Scientists Agree: The Airborne Transmission of COVID19 is a Real Risk
July 10, 2020 | Linda ONeill
Recent news on COVID-19 airborne threat Until now, there have been conflicting messages related to the risk of the airborne transmission of COVID-19. A group of 239 scientists in 32 countries have published their open letter to global health community to present the evidence. In their letter, the highly qualified group state: Multiple studies […]
Sure, houseplants can enliven an indoor environment, but can they actually alter it for the better? According to scientists and other lab coat types, certain ones can. That’s because some houseplants traffic in something called phytoremediation, which acts as a catalyst to remove pollution from either the air or soil. Farmers for years have used […]
Harvard Research into Indoor Air Quality and Workplace Productivity
October 28, 2018 | Mike Booth
Can indoor air quality make people more productive? Research from Harvard University’s Healthy Buildings Program says yes. In a study, researchers analyzed worker concentration and cognitive ability using various environmental scenarios, altering indoor air quality in a controlled lab setting. In one setting, the researchers lowered carbon dioxide levels, boosted ventilation , and removed toxic […]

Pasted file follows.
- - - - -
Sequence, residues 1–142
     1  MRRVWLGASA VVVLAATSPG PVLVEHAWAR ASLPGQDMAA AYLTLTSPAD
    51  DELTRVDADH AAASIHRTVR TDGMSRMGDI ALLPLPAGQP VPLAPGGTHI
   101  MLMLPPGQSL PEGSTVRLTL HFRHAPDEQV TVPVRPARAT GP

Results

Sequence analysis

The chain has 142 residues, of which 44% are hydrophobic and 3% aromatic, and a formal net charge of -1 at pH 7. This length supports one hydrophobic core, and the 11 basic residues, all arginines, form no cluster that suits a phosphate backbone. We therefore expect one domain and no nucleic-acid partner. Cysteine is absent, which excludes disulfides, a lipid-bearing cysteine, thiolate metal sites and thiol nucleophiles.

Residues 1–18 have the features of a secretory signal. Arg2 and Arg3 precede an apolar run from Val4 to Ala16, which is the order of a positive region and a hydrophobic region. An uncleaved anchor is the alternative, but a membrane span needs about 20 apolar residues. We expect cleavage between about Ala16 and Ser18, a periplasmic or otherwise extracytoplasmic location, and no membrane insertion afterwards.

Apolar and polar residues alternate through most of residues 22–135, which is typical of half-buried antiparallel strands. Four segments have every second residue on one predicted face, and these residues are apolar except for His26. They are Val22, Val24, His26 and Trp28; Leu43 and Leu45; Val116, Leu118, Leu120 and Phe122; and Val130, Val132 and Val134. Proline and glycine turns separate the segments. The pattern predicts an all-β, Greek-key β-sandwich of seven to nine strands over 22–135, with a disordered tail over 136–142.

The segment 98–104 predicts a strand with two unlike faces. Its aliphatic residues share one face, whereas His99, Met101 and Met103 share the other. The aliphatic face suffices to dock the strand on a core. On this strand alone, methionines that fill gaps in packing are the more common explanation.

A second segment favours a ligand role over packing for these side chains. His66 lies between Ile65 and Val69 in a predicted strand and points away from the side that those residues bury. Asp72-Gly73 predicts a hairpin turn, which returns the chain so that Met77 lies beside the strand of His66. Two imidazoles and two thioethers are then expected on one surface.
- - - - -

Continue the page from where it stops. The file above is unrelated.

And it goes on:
It’s been a mild season so far, but don’t be surprised if the number of absent employees spikes in the coming weeks.
Why? As we’ve noted, cleanliness efforts such as handwashing and cleaning surfaces don’t fully protect facilities against the flu. Instead, experts have proven that the virus is most often spread through the air.
Flu prevention: Why traditional methods aren’t enough
April 28, 2018 | Mike Booth
While experts have always advocated the flu shot as a means for flu prevention, especially for children and seniors, the 2014-15 vaccine was only 19 percent effective, according to the U.S. Centers for Disease Control and Prevention.
AeraMax Professional earns asthma and allergy friendly Certification from AAFA
July 28, 2017 | Mike Booth
Allergy and asthma problems don’t end when you enter a workplace or school. In fact, outdoor air is a major component of what we breathe when we’re inside, which is compounded by triggers such as dust and invisible particles that are all around us.
To fight asthma and allergies indoors, you need an air purifier that’s up to the task.
Air fresheners have become more than a billion-dollar market in the U.S., capturing the American spirit of convenience and making odor easier to tackle in our busy daily grind. Coming in various forms such as aerosol sprays, scented candles and outlet plug-ins, these products are often used as a catch-all solution to every unpleasant smell, both in homes and shared building spaces. They’re a fast, easy-to-use option that seem like an obvious choice for homeowners, janitorial services and facility managers – at first.
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